Monday, March 7, 2016

Upskilling your upskilling skills. Part 3: The Schedule

Working in an industry that is moving at the speed of light requires a lot from us. We need to stay updated on current technology, while at the same time foreseeing what the next big thing will be and making sure we learn what is needed to join the fun. Not an easy task when you have a full time job, a family and a social life.

I've spent the past three years fine tuning my upskilling skills, figuring out which ways of learning suit me best, looking at the available tools out there and creating a schedule and a set of goals that will fit my daily routine. In this blog series, I want to share my thoughts and findings with you, hoping you'll become as addicted to learning as I am.

Upskilling should be voluntary
Many believe that upskilling is all about becoming better at what you do and to some extent that is true, but upskilling is also about a lot more than that. It's about finding motivation and inspiration through knowledge, and letting that knowledge motivate you even futher. This will only be possible if you're able to create a schedule that fits your daily routine and doesn't make your life off-balance.

Done incorrectly, upskilling will drain your energy and leave you gutted with guilt for not getting things done. However, if you're able to upskill correctly, it will boost your energy and leave you wanting more. For this to be possible, upskilling has to be voluntary. Don't do it because your boss tells you to or because your colleague is doing it, do it because you genuinly want to learn and improve. 

How on earth do I fit one more thing into my schedule?
Being a mother with two children, two dogs, a full time job, voluntary work, and a social life, I know all about the difficulties of keeping a household on track while delivering your best at work and spending time with those you love. Exhaustion can sometimes be an understatement.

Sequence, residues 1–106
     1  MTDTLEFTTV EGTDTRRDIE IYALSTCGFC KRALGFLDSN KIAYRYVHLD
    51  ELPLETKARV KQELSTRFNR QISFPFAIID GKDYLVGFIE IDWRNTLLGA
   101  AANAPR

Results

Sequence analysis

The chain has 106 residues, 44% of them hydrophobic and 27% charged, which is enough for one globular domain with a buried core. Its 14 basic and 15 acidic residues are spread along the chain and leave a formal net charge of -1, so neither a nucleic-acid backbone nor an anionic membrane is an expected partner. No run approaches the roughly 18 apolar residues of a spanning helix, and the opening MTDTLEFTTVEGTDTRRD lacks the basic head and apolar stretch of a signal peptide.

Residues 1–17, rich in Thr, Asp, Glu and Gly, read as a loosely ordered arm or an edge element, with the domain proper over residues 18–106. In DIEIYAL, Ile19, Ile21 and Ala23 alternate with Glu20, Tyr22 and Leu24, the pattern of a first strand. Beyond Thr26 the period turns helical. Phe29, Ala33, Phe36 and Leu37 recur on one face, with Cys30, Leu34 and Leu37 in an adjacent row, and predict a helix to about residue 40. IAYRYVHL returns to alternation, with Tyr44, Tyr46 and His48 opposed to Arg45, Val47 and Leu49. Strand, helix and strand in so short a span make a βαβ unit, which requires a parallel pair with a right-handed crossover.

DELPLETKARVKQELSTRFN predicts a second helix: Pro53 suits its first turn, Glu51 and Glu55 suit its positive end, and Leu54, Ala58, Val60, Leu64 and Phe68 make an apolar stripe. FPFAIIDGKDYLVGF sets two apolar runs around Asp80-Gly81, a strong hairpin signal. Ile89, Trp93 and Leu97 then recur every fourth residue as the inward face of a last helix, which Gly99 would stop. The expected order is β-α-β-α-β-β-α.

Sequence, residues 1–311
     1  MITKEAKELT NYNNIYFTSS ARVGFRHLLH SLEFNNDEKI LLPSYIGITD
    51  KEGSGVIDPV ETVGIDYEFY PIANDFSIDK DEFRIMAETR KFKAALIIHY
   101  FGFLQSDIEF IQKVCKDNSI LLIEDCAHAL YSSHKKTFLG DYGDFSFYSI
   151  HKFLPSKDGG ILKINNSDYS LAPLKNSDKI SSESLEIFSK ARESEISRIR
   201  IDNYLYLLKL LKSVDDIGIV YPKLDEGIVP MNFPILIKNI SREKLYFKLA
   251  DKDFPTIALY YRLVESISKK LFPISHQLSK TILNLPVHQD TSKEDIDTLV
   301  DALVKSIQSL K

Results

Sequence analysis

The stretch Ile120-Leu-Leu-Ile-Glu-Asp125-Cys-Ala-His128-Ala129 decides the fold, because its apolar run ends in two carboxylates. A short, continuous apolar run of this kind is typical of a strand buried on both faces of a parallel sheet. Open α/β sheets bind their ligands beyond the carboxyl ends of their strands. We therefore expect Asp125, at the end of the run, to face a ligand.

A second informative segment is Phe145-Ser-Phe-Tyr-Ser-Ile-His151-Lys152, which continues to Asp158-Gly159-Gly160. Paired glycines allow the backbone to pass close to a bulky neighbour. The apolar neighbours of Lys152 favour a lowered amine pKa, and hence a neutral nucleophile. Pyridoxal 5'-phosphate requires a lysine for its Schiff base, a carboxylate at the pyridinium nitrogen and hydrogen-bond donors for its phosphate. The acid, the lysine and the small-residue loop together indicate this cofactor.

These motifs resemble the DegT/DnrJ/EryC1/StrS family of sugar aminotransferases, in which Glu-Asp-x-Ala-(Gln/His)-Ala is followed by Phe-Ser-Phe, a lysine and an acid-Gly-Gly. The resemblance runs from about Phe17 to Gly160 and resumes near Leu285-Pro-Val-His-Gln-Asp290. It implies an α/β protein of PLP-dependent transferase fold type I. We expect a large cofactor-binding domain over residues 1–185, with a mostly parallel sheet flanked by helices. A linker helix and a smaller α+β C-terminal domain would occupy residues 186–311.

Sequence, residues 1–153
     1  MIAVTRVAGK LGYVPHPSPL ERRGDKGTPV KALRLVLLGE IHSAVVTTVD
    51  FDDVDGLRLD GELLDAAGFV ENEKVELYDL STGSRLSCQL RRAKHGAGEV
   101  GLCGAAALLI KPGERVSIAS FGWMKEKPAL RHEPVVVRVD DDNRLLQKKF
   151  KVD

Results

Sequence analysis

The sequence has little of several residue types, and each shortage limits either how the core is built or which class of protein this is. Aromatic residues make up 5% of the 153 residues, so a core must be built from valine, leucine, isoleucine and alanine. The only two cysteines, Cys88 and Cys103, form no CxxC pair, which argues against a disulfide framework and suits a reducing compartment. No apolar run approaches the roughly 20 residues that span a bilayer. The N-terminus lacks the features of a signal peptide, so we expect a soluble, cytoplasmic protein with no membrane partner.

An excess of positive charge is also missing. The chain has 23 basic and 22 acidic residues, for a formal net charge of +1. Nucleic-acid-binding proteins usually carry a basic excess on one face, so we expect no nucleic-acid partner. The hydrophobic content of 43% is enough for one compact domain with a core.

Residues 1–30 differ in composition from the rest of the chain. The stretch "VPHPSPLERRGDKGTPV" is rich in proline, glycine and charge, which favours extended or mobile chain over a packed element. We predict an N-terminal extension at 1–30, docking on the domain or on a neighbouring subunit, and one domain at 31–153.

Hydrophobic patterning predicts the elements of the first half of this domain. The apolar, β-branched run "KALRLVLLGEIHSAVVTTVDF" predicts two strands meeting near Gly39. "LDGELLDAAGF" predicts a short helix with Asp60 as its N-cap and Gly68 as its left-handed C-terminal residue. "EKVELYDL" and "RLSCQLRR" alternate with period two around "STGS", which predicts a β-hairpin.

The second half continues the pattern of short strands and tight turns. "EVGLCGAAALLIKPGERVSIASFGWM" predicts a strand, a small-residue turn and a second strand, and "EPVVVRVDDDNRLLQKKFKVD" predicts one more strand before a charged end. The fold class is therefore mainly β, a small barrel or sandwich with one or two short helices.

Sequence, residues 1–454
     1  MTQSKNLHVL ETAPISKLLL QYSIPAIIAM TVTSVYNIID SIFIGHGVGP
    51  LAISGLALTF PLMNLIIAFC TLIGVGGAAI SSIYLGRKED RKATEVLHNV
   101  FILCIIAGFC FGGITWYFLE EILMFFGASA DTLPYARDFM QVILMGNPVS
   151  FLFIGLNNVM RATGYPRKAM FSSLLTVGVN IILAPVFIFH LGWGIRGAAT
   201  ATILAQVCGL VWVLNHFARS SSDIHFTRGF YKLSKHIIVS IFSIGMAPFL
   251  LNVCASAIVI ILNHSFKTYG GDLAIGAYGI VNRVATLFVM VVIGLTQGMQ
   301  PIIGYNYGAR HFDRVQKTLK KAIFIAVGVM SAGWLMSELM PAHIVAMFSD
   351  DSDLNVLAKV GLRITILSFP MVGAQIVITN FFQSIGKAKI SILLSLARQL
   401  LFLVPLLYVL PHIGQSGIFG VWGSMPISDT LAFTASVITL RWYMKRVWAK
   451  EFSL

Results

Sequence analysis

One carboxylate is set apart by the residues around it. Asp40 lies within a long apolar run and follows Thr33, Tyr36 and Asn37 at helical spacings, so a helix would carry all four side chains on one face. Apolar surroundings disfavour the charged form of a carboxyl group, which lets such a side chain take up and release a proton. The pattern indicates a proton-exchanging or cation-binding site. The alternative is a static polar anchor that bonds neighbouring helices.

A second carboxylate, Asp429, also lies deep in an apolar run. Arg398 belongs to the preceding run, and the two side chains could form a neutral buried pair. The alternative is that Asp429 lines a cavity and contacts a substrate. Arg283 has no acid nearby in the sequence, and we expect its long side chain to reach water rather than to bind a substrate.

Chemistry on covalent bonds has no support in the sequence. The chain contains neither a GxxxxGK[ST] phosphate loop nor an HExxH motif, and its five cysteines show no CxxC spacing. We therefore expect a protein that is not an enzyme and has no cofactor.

So how do I make time for upskilling? I don't. I don't make time, I spend the time I usually waste on nothing.

Think about how much time you waste every day. Those 15 aimless minutes of surfing while eating breakfast, 20 minutes on the bus on your way to the office, 10 minutes waiting for your kids when you pick them up from some after school activity, 15 minutes sitting outside their bedroom door trying to get them to go to sleep. That's an hour of "wasted" time every day. That's an hour you could spend on upskilling. And it doesn't have to be as much as an hour a day. You can spend 10 minutes a day and still achieve a lot, as long as the time you spend fits into your daily routine. 

Don't overdo it
These days, it sometimes feels like everyone is overachieving, giving 110% of their effort all the time. They're running from one project to another, from one meeting to the next, bragging about everything they got done, complain about the things they didn't. The good thing is: That won't work when it comes to upskilling.

Overachieving when upskilling will leave you learning A LOT the first couple of weeks or months, and then the learning experience will end completely as you won't be able to stay motivated when pushing yourself too hard for extended periods of time. A great learning experience should leave you wanting more and you should look forward to picking up where you left off. That is only possible if you know your limitations and take things slowly.

When the schedule falls apart
I've had times when I've overdone upskilling. Suddenly it feels like a chore, something that has to be done, not something I want to do. When this happens, I take a step back and I take a break for a week or two. I hit the pause button, and I alter my own expectations before I pick up where I left of.

At some point your schedule will fall apart. The entire family gets the flu, you have an important due date coming up at work, your extended family needs you to be there for them. When this happens, you hit the pause button on upskilling. And you don't feel bad about it. Your hear that? Don't beat yourself up for not being able to upskill as much as you'd like. Because life happens and you should let it. Hit pause on upskilling and when you're ready, you can keep on going. Hopefully, with new energy and motivation. 

Wrapping it up
Upskilling is not something you make time for, instead you spend the time you're currently wasting on unimportant things. As upskilling should be voluntary, it's up to you to decide how much time you'd like to spend without having to alter your daily routine too much. Knowing your limitations is key to succeeding, and if you're able to do that, upskilling will give you motivation and inspiration to keep on going. 

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